You don’t necessarily need to have a puncture or a leak for your tire to lose pressure. It is estimated that for every 3 PSI below the recommendation, your vehicle is using one percent more fuel and adding 10 percent more tire wear. Doesn’t that mean you can just overinflate your tires and not have to worry about any pressure loss? Not quite, as overinflated tires make for a rougher ride and are more easily damaged by potholes since they’re stiffer.
You’ll want to get in the habit of routinely checking your tire pressure once a month or so, to make sure they’re as close to spec as possible. This will ensure your tires last as long as possible while maintaining estimated fuel economy figures.
How do I know the recommended PSI for my tires?
Almost all vehicles have a sticker located on the driver’s side doorjamb with the recommended tire pressure. Pay close attention to the values listed on the sticker, as some vehicles have different recommended pressures for the front and rear tires. If you aren’t able to locate the sticker inside your driver’s side doorjamb, the car’s manual will also have the recommended tire pressure values.
How to Properly Check your Tire Pressure
- First, you will want to get yourself a digital tire pressure gauge. Although standard tire pressure gauges are cheaper and do the job, a digital gauge is more accurate and easier to use.
- Find your recommended tire pressure in the driver’s side doorjamb or in your manual, making sure you note whether the front and rear tires have different values.
- You will want to check your tire pressure when your tires are cold, or hasn’t been driven for at least 30 minutes. Tires heat up as you drive and the pressure will increase, giving you an inaccurate reading. The recommended tire pressures listed on the sticker in the doorjamb or in the manual are for cold tires.
- Remove the valve stem caps from your tires and put them in your pocket or somewhere safe, where you won’t lose them.
- Press the tire pressure gauge onto the valve stem and a reading should appear on your tire pressure gauge. If you’re using a standard gauge, it doesn’t hurt to do the check two or even three times to make sure you have an accurate reading.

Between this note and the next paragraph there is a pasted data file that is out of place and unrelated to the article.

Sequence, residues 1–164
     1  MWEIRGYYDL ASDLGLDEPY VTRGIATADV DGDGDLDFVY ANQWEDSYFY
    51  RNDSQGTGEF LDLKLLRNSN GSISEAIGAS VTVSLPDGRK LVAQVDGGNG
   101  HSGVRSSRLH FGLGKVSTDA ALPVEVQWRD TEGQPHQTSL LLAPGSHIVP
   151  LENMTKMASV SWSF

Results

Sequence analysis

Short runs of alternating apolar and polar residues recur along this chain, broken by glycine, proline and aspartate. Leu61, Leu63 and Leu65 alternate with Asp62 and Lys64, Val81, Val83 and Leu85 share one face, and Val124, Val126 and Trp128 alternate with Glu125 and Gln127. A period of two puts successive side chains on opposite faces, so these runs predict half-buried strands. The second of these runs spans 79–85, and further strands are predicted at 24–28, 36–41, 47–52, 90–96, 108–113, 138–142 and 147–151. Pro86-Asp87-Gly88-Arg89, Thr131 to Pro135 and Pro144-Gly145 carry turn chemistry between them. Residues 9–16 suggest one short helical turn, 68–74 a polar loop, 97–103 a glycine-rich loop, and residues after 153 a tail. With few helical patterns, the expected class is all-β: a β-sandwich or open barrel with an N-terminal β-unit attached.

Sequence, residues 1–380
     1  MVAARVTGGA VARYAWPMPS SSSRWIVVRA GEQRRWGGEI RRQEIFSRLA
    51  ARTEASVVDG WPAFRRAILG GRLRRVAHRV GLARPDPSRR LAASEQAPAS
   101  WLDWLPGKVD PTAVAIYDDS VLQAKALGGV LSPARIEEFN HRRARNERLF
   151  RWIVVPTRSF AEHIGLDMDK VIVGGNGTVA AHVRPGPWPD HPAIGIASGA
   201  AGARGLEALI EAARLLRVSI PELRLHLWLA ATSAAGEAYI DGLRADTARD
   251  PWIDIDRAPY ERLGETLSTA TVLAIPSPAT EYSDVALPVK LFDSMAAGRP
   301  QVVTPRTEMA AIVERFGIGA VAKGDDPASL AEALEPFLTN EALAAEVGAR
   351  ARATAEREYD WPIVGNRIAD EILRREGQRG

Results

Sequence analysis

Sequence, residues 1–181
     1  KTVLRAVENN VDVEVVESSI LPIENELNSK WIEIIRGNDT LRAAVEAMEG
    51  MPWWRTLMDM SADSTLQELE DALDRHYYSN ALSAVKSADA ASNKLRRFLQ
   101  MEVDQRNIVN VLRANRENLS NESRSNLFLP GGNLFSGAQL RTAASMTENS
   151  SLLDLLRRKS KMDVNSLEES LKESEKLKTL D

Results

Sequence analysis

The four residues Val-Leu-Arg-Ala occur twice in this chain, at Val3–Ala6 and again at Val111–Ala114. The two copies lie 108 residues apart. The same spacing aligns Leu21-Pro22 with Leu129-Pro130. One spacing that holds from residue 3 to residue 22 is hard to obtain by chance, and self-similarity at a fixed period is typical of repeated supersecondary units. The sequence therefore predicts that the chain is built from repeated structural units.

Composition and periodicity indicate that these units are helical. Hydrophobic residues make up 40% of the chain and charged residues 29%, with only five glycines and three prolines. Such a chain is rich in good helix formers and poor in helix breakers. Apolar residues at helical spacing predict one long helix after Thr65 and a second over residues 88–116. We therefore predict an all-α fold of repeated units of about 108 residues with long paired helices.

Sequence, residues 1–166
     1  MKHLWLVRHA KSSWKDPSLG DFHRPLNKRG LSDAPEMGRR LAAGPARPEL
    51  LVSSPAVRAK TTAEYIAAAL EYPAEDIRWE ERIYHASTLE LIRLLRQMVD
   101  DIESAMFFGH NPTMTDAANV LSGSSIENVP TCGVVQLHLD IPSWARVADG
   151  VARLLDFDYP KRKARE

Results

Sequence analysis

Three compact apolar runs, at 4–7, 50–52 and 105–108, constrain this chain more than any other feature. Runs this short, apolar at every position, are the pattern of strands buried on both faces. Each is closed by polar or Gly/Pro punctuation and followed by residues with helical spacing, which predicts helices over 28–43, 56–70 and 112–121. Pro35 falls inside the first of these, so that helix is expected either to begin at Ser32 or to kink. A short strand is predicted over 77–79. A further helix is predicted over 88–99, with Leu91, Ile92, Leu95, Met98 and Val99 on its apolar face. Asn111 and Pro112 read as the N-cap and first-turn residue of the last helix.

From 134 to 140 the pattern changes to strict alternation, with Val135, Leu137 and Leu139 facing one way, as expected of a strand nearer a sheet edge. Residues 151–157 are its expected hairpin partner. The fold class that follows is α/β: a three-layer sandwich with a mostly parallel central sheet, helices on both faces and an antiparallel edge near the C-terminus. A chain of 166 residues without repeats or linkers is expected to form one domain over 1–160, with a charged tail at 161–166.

- If any of your tires have pressures lower than their recommended values, you will want to inflate them to ensure you’re getting the best fuel economy possible, while making sure your tires don’t experience premature wear.
- Reinstall your valve stem caps before you forget!
How to Properly Inflate your Tires
It’s recommended that you purchase your own portable tire inflator or air compressor so you can refill your tires at home. There’s a wide range of portable inflators and air compressors available, some that use your car’s built-in 12-volt cigarette lighter, or a standard power outlet. More powerful compressors that fill up tires quicker will need to hook up to your car’s battery. Most 12-volt inflators won’t do the job quickly, but they’re more convenient and you won’t have to pay to use an air compressor at a gas station.
If you don’t want to purchase a portable inflator, most gas stations will have an air compressor. Some stations charge and some don’t. Once you’ve determined which method you’ll be using to refill your tires, follow these steps:
Pull in as close to the compressor as possible, if you’re using one at a gas station. This way you can easily access all four tires without having to move your vehicle.
Remove the valve stem caps from all four wheels and put them in your pocket or somewhere you won’t lose them.
Turn on the compressor and push the hose fitting down on the valve stem. You should be able to tell if the tire is being inflated.
Most air compressors will have a built-in gauge so you can check your tire pressure while you are refilling. Digital air compressors, some of which are available at gas stations, allow you to set your desired tire pressure and the compressor will automatically shut off once it reaches that value.
It’s better to overinflate your tires when using a compressor, since it’s easy to let air back out of your tires afterwards.
Adjust all four tires the same way. If you are refilling after your tires are warmed up, you will want to inflate about 3 PSI over the recommended value. Make sure to check your tire pressure once your tires are cold.
Once you’re done refilling all four tires, do a final check on the pressure with your digital gauge. You will want to do this when the tires are cold. Reinstall your valve stem caps.